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At this time of year college students on many campuses can expect to hear lectures about the dangers of binge drinking from university administrators trying to tackle the longstanding problem of under-age drinking and alcohol abuse.

But on the campus of Rider University here this fall, there is new urgency to deliver the message and get it right.

Last spring, Gary DeVercelly, a Rider freshman from Long Beach, Calif., died of alcohol poisoning after attending a Phi Kappa Tau fraternity party. In August a Mercer County grand jury brought indictments of aggravated hazing against two university administrators and three students in connection with his death. All five pleaded not guilty.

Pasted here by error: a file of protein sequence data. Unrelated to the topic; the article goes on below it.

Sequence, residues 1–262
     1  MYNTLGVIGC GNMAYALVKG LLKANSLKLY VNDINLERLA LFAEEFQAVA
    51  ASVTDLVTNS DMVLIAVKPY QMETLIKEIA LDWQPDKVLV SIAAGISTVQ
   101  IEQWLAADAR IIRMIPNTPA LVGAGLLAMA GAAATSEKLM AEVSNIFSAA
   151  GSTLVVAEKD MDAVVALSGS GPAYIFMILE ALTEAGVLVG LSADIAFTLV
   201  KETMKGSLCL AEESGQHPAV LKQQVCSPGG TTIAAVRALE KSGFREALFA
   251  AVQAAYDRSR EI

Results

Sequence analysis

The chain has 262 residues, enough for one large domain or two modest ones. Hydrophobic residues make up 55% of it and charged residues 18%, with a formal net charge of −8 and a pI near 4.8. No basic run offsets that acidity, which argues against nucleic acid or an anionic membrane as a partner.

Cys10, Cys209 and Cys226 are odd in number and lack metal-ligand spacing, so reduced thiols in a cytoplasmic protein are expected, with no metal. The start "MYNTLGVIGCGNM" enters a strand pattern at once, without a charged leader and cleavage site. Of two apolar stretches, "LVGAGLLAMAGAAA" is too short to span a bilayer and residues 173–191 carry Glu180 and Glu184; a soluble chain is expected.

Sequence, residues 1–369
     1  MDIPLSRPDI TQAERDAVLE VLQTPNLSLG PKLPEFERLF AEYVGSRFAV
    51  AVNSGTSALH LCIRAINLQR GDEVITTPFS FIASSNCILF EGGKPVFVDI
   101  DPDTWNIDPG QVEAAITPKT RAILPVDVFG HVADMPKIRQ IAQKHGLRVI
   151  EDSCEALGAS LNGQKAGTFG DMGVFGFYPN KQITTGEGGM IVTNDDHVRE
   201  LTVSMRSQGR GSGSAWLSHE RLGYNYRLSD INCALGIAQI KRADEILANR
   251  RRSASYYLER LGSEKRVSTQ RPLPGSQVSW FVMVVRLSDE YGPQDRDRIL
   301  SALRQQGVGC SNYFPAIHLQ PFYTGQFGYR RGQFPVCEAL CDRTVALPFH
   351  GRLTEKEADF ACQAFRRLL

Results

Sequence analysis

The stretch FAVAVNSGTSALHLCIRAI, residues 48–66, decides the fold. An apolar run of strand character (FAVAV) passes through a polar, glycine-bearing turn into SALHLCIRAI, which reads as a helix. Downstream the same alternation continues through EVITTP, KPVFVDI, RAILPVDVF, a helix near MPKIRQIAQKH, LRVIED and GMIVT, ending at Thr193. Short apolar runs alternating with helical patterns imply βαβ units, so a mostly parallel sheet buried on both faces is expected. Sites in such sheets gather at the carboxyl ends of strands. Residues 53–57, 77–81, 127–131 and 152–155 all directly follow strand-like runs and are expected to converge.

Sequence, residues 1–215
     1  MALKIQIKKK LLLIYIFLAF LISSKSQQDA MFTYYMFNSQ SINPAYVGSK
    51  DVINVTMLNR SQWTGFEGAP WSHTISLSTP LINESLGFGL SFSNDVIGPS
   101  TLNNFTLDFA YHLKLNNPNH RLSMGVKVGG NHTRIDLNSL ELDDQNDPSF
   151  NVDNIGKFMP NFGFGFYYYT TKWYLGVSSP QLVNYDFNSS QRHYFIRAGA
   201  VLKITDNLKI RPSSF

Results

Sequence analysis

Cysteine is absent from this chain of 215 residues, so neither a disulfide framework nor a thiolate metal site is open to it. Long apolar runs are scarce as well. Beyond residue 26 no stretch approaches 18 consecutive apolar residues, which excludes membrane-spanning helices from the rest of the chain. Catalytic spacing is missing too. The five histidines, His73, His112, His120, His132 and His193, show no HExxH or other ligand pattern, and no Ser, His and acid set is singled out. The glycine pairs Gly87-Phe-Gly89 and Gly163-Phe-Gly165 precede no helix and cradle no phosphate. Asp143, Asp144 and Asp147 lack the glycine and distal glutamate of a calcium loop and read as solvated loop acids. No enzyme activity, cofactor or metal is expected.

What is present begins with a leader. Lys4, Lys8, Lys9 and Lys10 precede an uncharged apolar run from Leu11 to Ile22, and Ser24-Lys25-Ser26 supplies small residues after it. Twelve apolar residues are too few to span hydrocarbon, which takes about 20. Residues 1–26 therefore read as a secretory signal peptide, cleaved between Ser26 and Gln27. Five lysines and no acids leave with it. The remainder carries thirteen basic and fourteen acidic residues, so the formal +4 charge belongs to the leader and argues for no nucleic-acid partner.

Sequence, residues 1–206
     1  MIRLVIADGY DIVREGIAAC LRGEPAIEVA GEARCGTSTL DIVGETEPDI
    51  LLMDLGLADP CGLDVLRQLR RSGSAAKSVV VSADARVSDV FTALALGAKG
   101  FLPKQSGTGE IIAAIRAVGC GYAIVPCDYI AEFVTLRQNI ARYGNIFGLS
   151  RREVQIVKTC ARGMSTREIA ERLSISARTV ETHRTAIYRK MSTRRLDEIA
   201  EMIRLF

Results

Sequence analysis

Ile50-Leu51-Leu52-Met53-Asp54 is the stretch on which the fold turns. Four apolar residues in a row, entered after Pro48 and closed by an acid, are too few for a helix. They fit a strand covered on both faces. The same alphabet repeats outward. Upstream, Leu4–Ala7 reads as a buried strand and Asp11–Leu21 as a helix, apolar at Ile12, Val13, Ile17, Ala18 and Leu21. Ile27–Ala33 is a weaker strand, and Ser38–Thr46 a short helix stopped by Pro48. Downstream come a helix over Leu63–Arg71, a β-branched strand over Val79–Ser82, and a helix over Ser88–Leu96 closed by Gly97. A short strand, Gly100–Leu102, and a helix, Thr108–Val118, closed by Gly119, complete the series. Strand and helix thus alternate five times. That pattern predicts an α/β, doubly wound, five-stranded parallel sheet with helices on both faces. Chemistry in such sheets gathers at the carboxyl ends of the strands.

The criminal charges against the university administrators, which were dropped recently, raised new concerns about liability among college officials around the country and put a spotlight on Rider’s response. For the president, Mordechai Rozanski, the response is making his school a “model in the fight to combat alcohol abuse on campus.”

Even before classes began, the school’s 3,700 students were learning about the school’s tougher stance. Alcohol has been banned on campus, with the exception of certain areas like a pub in the student union. Freshmen must take a seminar on the dangers of drinking. So-called watchdogs now reside in fraternity and sorority houses. There are new penalties for those who break the rules.

Previously, students were given up to two warnings for alcohol possession or intoxication before their parents were notified. Parents now will be notified immediately, and students will be required to complete an alcohol education program or face expulsion.

Studens who were interviewed on campus said they were keenly aware of changes in the university’s alcohol policy. Freshmen described sitting through a 90-minute lecture on the dangers of alcohol and agreeing in writing to make good decisions.